Sep 29, 2014
Warner Archive: The Thrilling Arrival of The Lusty Men (1952) on DVD
I had a belly full of stitches the first time I saw The Lusty Men. It was at a screening of a beautiful 35mm print at SIFF 2014. I was so determined to see it that I gave myself a week to recover from minor surgery. You could say I related, in a small way, to the beaten and bruised rodeo men up on the screen.
It was more than worthy of the effort, which is why I was thrilled to learn Warner Archive would be giving this brutal, funny and lively film a DVD release. This modern day Nicholas Ray western is the kind of discovery classic film fans yearn for.
Set in the rodeo circuit, The Lusty Men reveals this dangerous, but intoxicating world with almost documentary detail. It smoothly blends those moments of realism with gritty, often risqué drama and a battle-scarred sense of humor.
At the center of it all is Robert Mitchum, who has a lived-in comfort with his role as legendary rodeo rider Jeff McCloud. Recovering from a bad run-in with a bull, the limping cowboy retires from the circuit. He visits his childhood home, a humble shack on an old ranch. There he crosses pathes with Wes Merritt (Arthur Kennedy), aspiring rodeo star and his loyal wife Louise (Susan Hayward).
Merritt convinces McCloud to teach him his trade so that he and the wife can save up for their own ranch. He reluctantly accepts, drawn in by the promise of shared winnings, and maybe just as much because he still has sawdust in his veins. Before long the two have hit the circuit, with a highly reluctant Louise in tow.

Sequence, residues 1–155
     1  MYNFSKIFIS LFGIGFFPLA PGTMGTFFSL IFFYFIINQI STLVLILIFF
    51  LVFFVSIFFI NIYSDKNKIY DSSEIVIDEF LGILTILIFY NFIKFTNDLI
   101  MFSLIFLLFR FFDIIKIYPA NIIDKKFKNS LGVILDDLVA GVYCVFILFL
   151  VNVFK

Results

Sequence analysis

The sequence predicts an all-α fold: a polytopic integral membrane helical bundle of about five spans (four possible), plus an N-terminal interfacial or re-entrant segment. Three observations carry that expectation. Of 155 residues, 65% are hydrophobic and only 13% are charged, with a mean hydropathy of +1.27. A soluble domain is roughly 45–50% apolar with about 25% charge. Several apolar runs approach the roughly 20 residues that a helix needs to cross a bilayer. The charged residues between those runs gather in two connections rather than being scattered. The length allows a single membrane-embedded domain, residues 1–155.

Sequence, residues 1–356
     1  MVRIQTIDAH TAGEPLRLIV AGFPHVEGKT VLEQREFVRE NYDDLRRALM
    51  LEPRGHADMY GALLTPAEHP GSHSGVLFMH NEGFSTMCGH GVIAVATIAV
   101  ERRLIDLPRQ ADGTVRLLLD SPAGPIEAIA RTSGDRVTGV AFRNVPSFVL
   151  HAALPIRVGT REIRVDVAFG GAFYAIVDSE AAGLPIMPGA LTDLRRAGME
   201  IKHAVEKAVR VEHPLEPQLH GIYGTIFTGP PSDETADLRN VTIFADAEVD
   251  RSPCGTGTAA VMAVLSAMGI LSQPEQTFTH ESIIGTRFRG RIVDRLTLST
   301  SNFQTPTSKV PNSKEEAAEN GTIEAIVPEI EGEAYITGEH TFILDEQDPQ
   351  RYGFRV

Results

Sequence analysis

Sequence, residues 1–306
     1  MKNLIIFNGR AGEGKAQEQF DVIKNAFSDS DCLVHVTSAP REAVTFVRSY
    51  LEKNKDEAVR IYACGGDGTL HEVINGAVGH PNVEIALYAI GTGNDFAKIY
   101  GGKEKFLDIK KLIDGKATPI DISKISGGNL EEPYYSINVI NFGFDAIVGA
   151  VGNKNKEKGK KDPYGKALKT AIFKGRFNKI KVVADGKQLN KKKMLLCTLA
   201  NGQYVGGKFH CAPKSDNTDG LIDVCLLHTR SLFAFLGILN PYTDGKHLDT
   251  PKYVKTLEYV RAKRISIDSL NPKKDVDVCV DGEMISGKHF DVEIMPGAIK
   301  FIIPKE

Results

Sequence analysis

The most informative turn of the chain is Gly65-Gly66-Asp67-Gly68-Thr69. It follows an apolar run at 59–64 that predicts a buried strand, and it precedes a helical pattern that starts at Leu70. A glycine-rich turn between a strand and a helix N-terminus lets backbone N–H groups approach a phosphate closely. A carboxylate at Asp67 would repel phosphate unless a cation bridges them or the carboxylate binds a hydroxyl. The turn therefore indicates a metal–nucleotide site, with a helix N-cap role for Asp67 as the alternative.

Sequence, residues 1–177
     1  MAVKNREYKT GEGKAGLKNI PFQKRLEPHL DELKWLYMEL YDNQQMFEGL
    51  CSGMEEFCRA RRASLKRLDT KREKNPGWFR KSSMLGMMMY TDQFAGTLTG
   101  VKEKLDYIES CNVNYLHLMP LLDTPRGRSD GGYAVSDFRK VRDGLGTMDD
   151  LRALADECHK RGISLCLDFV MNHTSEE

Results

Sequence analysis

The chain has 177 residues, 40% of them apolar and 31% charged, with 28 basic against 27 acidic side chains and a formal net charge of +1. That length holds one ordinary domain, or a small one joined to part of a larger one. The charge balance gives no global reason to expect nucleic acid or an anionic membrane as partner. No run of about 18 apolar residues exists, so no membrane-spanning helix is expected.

Mitchum has trained his prodigy well, and Wes is immediately a star. He becomes intoxicated by his success, taking increasing risks and seeming to forget why he has stepped into this crazy world in the first place. When a rodeo floozy attempts to brand him with a bite, it is Louise who has to kick her in the can and shove her away. He takes the attention, and his success for granted as soon as he wins his first wad of prize money.
Louise fights for her husband, while McCloud smoothly tries to convince her to try the domestic life with him. This against a backdrop of rowdy, traumatized rodeo stars past and present and the wives who watch anxiously from the sidelines.
Ray's drama throbs with adrenaline, though he wisely cuts into the action with moments of calm. When an injured Mitchum limps across an empty stadium, the director takes his time examining the debris floating through the lonely arena, chased with perfectly billowing blankets of dust. For every wild party or raucous event, there's space given for yearning and anxious reflection--those times when the players wonder if they are in the right game.
The rodeo scenes are alarming in their brutality. It all seems less sport that survival, with men throwing themselves into danger over and over again. You feel how out of control the riders are, holding on with one hand, everything spinning around them in a blur.
As dangerous as it all seems, through McCloud's eyes you see how the money is only the initial draw. Rodeo brings out the primal in these men. By riding well, they prove themselves warriors. The feeling of invincibility intoxicates them as much as the wealth, booze and sex.
The film was even richer viewing the second time around. I'm delighted to have the opportunity to revisit it whenever I wish. I certainly intend to do so.
Disc image quality is sharp and clean. The DVD includes a trailer.
Many thanks to Warner Archive for providing a copy of the film for review. This is a Manufacture on Demand (MOD) DVD. To order, visit The Warner Archive Collection.
Check out my review of the SIFF 2014 screening of The Lusty Men here.